Supplemental Security Income helps people who are unable to earn sufficient wages on their own. It is available to adults with disabilities, children with disabilities and people 65 or older. Individuals with enough work history may be eligible to receive SSI in addition to disability or retirement benefits. The amount individuals receive varies based on their other sources of income and where they live.
Retirement Age For Those Born After 1937
Year Born 1960 or later 67 years
The system does provide for early retirement at age 62, but also offers higher benefits for people who wait to make their claims after reaching full retirement age. For more information, see Nolo’s article Social Security Benefits: Retirement, Disability, Dependents, and Survivors.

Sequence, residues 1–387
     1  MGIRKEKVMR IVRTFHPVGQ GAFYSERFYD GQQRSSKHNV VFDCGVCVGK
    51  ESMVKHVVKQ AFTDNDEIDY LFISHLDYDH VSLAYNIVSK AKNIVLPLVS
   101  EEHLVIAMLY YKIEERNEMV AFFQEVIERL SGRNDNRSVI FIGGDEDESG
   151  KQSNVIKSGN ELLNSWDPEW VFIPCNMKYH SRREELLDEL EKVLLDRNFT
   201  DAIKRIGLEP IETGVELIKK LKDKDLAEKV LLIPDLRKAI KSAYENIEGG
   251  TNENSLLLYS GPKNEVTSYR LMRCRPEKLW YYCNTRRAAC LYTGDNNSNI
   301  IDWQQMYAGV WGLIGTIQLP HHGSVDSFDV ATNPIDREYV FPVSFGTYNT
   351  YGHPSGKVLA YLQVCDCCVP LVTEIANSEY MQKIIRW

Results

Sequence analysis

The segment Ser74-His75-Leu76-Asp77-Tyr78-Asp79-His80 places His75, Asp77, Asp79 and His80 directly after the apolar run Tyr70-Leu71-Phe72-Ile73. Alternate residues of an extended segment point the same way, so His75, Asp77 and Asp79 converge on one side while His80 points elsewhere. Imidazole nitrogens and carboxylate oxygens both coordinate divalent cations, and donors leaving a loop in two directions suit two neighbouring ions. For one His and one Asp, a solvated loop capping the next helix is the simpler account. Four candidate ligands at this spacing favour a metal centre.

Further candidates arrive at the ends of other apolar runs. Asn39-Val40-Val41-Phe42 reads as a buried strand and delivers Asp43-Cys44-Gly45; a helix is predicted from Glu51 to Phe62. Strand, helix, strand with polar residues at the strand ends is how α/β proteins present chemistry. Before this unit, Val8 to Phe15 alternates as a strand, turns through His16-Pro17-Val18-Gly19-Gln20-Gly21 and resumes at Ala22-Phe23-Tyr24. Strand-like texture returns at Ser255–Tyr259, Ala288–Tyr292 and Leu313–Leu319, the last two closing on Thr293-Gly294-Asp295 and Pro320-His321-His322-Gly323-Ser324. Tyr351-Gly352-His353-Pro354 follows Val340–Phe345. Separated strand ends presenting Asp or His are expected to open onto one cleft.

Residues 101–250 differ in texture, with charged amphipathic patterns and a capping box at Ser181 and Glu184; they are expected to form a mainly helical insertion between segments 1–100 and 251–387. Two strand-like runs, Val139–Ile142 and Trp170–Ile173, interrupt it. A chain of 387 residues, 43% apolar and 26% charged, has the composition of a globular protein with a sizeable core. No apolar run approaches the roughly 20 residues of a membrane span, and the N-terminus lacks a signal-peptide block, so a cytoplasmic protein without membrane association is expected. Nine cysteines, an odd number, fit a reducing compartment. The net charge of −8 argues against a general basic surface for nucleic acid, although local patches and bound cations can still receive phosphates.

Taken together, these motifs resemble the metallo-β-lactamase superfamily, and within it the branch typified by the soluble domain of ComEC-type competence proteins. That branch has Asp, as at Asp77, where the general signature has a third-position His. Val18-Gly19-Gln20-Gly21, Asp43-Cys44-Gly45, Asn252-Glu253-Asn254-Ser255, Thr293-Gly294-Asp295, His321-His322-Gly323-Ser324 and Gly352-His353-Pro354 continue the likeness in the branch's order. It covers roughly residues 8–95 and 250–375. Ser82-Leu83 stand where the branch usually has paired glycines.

How To Apply For And Start Collecting Social Security
Collecting social security is an intricate, but necessary part of retirement. The funds provide retired individuals with a steady income after their working days are over. However, the timing and regulations behind social security can be frustrating. The rules are plentiful and the explanations are not always clear. The United States Social Security Administration examines your age, current place of employment , and family situation before dictating the level of your benefit. Read on for some of the basic and important topics to consider before applying for social security. Use the information in this article as a resource to select the optimal time to begin collecting benefits.
Youre Only Working Part